In the last decade, the symbol for profligate federal spending was the infamous "Bridge to Nowhere" -- a huge proposed span that would link the town of Ketchikan, Alaska, population 7,500, to an airport on Gravina Island. Powerful Alaska Republican lawmakers tried to stick American taxpayers with a huge chunk of the tab for this dubious project.
This decade, the symbol for federal pork-barrel excess may well be Trains to Nowhere -- and if Democrats get their way, those boondoggles could span the country. At least in blue states.
Last month, voters in Wisconsin and Ohio elected Republican governors. Rather than just talking about spending less, both Ohio's John Kasich and Wisconsin's Scott Walker had pledged, if elected, to reject funds earmarked for high-speed rail projects in the 2009 Obama stimulus package. Kasich said he would say no to $385 million for a train connecting Cleveland, Columbus and Cincinnati. Walker said he would reject $810 million for a train from Madison to Milwaukee.
Both Kasich and Walker understood: Just because Washington is throwing around money, that doesn't mean taxpayers get a free ride.
There is no guarantee that if you build high-speed rail, passengers will come. As Randal O'Toole of the libertarian-leaning Cato Institute noted, "The Ohio and Wisconsin projects aren't even worthy of being called high-speed rail." The average speed for the Ohio's "3C" line is projected at 38.5 miles per hour; the speed for the Wisconsin line would average 59 mph. In short, these "high-speed" trains wouldn't even go faster than cars.
With round-trip Madison-Milwaukee fares projected to range from $44 to $66, it could be cheaper for one person to drive and certainly cheaper for two. And you can always take the bus.
Walker argued that Wisconsin, facing a $2.5 billion budget deficit next year, doesn't need to be saddled with the $7.5 million annual cost to operate the train.
Train enthusiasts argued that Walker had it all wrong. You don't say no to a free car just because you have to pay for gas and other operating costs.
But Wisconsin voters did not agree. The St. Norbert College Survey Center poll found that 55 percent of Wisconsin voters opposed taking the ostensibly free rail money.
After they were elected, Walker and Kasich asked the Obama administration to allow them to spend that $1.2 billion rail money on other projects in their states. Walker wanted to fix his state's bridges and highways. Kasich asked that, if the U.S. Department of Transportation refused the request, Ohio's $385 million go to the U.S. Treasury to reduce the federal deficit.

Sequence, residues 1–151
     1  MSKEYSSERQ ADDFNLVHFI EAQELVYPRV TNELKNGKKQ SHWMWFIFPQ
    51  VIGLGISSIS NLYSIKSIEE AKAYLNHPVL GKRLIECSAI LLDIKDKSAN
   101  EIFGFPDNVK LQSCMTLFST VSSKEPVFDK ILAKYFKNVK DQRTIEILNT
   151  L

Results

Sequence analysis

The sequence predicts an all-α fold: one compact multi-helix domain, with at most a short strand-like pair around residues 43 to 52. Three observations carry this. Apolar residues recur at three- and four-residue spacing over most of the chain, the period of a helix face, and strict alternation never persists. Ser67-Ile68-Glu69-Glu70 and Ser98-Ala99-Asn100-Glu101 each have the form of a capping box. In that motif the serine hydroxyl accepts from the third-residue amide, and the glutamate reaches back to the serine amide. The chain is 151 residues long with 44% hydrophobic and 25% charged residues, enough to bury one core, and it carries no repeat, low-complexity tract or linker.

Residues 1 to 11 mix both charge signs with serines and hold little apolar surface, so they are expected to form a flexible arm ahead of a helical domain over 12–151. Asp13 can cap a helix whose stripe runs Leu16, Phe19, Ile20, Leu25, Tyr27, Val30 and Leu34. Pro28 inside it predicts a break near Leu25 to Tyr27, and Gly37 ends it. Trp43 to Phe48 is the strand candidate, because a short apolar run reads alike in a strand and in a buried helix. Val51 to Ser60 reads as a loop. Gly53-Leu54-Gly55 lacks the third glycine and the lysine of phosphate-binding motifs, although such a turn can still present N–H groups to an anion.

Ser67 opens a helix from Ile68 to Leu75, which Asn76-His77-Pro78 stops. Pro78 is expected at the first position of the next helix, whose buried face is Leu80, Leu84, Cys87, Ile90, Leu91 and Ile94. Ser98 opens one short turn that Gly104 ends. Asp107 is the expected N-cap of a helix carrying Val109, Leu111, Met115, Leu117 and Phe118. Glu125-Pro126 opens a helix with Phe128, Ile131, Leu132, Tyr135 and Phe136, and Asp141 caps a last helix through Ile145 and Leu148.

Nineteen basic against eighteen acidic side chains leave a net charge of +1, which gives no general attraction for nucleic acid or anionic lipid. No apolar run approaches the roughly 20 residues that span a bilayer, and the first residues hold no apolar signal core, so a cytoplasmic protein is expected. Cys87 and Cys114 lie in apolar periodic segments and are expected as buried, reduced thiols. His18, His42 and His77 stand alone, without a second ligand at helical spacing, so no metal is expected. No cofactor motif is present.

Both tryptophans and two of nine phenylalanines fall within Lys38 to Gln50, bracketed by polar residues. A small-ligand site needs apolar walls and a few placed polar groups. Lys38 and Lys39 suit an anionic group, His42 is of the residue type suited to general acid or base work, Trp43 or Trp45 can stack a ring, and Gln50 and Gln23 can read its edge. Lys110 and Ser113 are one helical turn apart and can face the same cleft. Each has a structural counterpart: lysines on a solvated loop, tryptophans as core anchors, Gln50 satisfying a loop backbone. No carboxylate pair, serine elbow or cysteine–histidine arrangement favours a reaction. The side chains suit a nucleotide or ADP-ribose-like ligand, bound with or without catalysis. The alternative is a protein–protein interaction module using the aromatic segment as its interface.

Instead, on Dec. 9, before either governor-elect assumed office, U.S. Transportation Secretary Ray LaHood announced that his department would redirect the $1.2 billion that would have gone to Wisconsin and Ohio to 14 other states. As the Weekly Standard's Stephen F. Hayes wrote, LaHood had sent the message "if you don't want to waste our money, we'll find someone who will."
California alone stands to gain up to $624 million of the forfeited stimulus funds -- on top of the more than $4.3 billion already earmarked for the planned high-speed rail project that would link San Francisco to Los Angeles/Anaheim and eventually reach Sacramento and San Diego. California voters passed a $10 billion bond measure in 2008 to help fund the $43 billion project.
In November, the California High-Speed Rail Authority voted to approve the first segment of the project. It will start in the middle of nowhere (Borden) and go to nowhere (Corcoran). State Sen. Alan Lowenthal, chairman of the Senate Transportation Committee, said he fears the segment could turn into an "orphan" line, unusable by bullet trains.
Noting that an Obama official had announced that California would get an extra $715 million in the San Joaquin Valley congressional district of Democrat Jim Costa, just before Costa narrowly won re-election, Sacramento Bee columnist Dan Walters quickly dubbed the segment the "train to nowhere."
In July, LaHood had proclaimed the Madison-Milwaukee project as unstoppable. "High-speed rail is coming to Wisconsin. There's no stopping it."
Walker wrote a letter to President Obama in which he protested, "It's outrageous for Secretary LaHood to suggest that your administration can force Wisconsin to continue building a train it doesn't want and cannot afford."
LaHood's Dec. 9 power play makes it official. It doesn't matter what voters want or whether they think their state can afford to take free federal money. As far as the Obama administration is concerned, federal transportation dollars are the Democrats' loose change.
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